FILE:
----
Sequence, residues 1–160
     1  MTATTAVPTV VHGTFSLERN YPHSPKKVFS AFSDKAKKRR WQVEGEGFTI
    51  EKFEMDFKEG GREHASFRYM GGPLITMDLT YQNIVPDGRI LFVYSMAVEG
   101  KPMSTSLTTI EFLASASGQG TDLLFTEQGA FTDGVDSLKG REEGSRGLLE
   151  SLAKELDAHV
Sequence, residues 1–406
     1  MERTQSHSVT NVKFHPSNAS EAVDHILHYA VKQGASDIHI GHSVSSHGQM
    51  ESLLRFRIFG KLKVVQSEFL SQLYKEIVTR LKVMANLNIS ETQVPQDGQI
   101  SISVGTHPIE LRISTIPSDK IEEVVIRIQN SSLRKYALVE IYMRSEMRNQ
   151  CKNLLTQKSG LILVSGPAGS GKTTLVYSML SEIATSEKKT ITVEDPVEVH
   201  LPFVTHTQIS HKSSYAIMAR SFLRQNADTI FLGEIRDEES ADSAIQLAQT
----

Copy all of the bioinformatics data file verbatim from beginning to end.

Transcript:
Sequence, residues 1–160
     1  MTATTAVPTV VHGTFSLERN YPHSPKKVFS AFSDKAKKRR WQVEGEGFTI
    51  EKFEMDFKEG GREHASFRYM GGPLITMDLT YQNIVPDGRI LFVYSMAVEG
   101  KPMSTSLTTI EFLASASGQG TDLLFTEQGA FTDGVDSLKG REEGSRGLLE
   151  SLAKELDAHV
Sequence, residues 1–406
     1  MERTQSHSVT NVKFHPSNAS EAVDHILHYA VKQGASDIHI GHSVSSHGQM
    51  ESLLRFRIFG KLKVVQSEFL SQLYKEIVTR LKVMANLNIS ETQVPQDGQI
   101  SISVGTHPIE LRISTIPSDK IEEVVIRIQN SSLRKYALVE IYMRSEMRNQ
   151  CKNLLTQKSG LILVSGPAGS GKTTLVYSML SEIATSEKKT ITVEDPVEVH
   201  LPFVTHTQIS HKSSYAIMAR SFLRQNADTI FLGEIRDEES ADSAIQLAQT